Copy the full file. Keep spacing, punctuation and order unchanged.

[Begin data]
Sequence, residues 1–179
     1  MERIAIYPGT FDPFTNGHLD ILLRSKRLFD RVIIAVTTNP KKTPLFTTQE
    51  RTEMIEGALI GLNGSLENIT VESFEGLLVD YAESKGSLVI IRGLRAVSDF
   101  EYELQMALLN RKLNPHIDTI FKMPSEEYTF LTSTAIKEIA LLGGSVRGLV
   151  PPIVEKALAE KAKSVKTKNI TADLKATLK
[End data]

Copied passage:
Sequence, residues 1–179
     1  MERIAIYPGT FDPFTNGHLD ILLRSKRLFD RVIIAVTTNP KKTPLFTTQE
    51  RTEMIEGALI GLNGSLENIT VESFEGLLVD YAESKGSLVI IRGLRAVSDF
   101  EYELQMALLN RKLNPHIDTI FKMPSEEYTF LTSTAIKEIA LLGGSVRGLV
   151  PPIVEKALAE KAKSVKTKNI TADLKATLK